When the employee makes HSA and/or FSA contributions via salary reduction, the employer no longer has to pay their portion of the Social Security (6.2%) and Medicare (1.45%) taxes on the contributions to those accounts. Combined, these constitute a reduction in employer payroll taxes by 7.65% of total contributions (Employer’s half of FICA and FUTA). For a company that has 100 employees and a total annual payroll of $5 million, without an FSA or HSA plan, the company would owe $382,500 in Social Security and Medicare taxes. However, if each of the 100 employees contributed $2,600 to an HSA, then the employer would save $19,890 in annual taxes. Additionally, employers that contribute to HSAs and FSAs don’t need to pay payroll taxes on those funds, and the cost of running the program in-house or outsourcing to a third-party administrator are tax-deductible expenses.
2. Job Market Competitiveness
According to an AHIP report, HDHP-HSA Consumer-Driven Health Plans have increased by nearly 400%, from 4.5 million in 2007 to 21.8 million in 2017. This means that while most employees are familiar with utilizing a 401(k) as part of retirement planning, Health Savings Accounts are gaining popularity— and for good reason. “HSAs have recently been named by many as a favorable alternative to 401(k)s for their heightened benefits that include a triple tax-advantage that makes contributions tax-deductible, assets grow tax-free, and the ability to use funds for qualified medical expenses at any time tax-free. Because of these benefits, at age 65, the value of a dollar in an HSA is worth nearly 30 percent more than a dollar in a 401(k).”
Employees are looking for employer HSA contributions as part of their long-term retirement strategy—making an HSA a factor in evaluating job opportunities. Continued HSA benefit growth could mean that more employees are looking for employer HSA contributions as part of their process in evaluating job opportunities, similar to the value placed on 401(k) contributions. And employers are beginning to listen. In 2019, 39% of employers provided an employer contribution to an HSA.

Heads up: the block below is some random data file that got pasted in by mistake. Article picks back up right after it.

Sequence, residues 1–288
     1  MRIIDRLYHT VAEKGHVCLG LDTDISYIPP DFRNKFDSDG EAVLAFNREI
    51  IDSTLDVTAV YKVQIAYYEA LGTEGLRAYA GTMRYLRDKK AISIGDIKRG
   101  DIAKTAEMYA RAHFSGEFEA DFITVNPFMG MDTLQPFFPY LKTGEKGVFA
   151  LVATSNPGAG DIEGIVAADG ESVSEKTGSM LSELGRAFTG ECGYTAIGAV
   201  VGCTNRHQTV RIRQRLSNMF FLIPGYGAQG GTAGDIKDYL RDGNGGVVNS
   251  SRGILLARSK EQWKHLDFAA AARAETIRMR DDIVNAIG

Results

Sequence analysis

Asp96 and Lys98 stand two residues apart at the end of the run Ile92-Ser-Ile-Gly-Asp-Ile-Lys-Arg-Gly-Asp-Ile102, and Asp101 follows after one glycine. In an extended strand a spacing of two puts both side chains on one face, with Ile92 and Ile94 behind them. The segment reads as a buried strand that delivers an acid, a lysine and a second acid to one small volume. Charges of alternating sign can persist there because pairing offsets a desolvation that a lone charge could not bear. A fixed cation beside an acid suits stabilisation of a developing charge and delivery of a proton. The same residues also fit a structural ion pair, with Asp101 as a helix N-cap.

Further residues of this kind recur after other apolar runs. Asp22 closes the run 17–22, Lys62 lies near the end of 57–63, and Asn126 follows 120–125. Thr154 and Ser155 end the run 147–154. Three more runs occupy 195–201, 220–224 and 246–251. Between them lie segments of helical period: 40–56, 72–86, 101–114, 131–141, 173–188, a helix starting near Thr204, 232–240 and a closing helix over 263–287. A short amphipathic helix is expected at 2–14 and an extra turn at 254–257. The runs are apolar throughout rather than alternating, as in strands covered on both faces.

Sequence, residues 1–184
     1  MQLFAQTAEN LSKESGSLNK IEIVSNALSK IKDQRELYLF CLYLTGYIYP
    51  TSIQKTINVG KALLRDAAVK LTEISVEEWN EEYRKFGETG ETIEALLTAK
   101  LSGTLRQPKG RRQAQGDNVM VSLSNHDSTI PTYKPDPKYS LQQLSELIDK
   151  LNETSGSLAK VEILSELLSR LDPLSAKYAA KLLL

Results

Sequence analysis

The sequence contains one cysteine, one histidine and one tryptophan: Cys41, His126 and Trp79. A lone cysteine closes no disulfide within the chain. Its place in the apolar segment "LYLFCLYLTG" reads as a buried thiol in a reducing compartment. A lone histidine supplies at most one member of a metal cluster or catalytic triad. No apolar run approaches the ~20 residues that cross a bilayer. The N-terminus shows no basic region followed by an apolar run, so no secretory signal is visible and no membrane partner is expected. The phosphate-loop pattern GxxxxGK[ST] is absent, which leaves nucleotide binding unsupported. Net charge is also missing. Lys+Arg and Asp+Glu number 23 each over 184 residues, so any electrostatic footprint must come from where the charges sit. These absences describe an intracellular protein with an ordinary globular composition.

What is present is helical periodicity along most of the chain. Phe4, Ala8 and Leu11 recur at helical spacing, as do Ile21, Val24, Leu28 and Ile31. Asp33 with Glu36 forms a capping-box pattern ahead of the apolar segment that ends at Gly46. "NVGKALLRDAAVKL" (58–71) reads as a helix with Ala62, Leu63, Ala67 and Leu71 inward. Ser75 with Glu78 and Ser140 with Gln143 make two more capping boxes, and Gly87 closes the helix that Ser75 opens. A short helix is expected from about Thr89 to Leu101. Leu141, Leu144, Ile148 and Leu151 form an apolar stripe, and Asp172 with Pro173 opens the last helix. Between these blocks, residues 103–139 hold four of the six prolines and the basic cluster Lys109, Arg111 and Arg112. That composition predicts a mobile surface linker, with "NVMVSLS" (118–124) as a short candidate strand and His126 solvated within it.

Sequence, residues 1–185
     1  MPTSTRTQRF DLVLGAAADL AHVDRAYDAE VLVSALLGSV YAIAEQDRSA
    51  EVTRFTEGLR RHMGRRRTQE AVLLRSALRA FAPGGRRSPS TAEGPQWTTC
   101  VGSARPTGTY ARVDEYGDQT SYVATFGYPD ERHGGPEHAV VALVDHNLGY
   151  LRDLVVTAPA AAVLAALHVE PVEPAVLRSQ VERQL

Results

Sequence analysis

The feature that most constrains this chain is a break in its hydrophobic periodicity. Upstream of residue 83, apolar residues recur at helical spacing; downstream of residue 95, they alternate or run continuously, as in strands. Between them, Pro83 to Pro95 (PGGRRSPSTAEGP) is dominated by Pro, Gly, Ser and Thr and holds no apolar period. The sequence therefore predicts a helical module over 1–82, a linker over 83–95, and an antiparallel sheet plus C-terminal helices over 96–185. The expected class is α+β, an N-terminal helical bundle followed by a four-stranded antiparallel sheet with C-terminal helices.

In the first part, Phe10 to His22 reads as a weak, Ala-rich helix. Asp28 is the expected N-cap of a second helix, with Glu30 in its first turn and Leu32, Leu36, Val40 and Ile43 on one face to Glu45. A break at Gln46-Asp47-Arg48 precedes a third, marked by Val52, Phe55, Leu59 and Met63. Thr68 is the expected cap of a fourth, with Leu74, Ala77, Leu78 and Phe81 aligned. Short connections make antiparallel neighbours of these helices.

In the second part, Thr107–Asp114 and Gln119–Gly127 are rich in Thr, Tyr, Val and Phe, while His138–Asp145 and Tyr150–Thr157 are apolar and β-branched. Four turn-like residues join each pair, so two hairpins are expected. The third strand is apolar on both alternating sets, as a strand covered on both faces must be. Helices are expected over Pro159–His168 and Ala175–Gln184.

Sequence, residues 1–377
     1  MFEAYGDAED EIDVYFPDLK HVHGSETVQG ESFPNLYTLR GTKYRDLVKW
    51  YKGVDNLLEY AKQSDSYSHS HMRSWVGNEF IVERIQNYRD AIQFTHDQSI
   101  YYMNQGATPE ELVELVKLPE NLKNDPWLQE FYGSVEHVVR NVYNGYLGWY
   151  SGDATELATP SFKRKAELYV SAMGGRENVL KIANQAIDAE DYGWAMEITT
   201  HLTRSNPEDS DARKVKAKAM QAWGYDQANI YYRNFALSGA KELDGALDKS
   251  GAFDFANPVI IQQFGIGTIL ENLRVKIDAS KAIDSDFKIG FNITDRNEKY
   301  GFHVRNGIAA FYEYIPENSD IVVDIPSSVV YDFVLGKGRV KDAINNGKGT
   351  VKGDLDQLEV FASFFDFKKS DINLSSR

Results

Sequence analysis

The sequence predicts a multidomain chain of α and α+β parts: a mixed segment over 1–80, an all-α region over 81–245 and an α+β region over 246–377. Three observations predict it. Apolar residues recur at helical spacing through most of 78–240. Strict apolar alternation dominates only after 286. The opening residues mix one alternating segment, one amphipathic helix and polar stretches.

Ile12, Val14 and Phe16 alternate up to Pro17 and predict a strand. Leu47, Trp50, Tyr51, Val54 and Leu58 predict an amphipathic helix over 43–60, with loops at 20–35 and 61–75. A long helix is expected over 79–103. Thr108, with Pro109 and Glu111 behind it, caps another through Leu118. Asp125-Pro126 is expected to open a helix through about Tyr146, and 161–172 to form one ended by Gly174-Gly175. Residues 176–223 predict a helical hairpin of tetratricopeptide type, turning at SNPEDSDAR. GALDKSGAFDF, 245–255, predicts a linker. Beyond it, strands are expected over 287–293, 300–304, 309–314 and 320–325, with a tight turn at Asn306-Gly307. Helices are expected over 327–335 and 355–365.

3. Heightened Awareness
Increased Consumer-Driven Health Plan awareness means that employers and employees have discovered that a CDHP can provide the same or better care at a more affordable cost. CDHP growth could also indicate that employers are more confident in their ability to communicate potential savings to employees and their families, combating the false perception that a higher deductible is inherently a negative change. High-Deductible Health Plans are the only plan type that has grown in terms of enrollment rates across the last decade, proving its worth as a meaningful vehicle to help control rising costs. And employees are coming to understand that HSAs are portable and provide those with low healthcare utilization the ability to defer taxable income while preparing for future healthcare expenses.
Discover how a Consumer-Driven Health Plan can help manage rising healthcare costs and increase job market competitiveness. Download the white paper below.
About the author
Renée knows that the healthcare industry is complicated. With so many options, choosing the right path can be unnecessarily complex. At Lively, she employs storytelling to make it easier for you to make informed healthcare and financial decisions. When she's not writing, she's flexing her green thumb.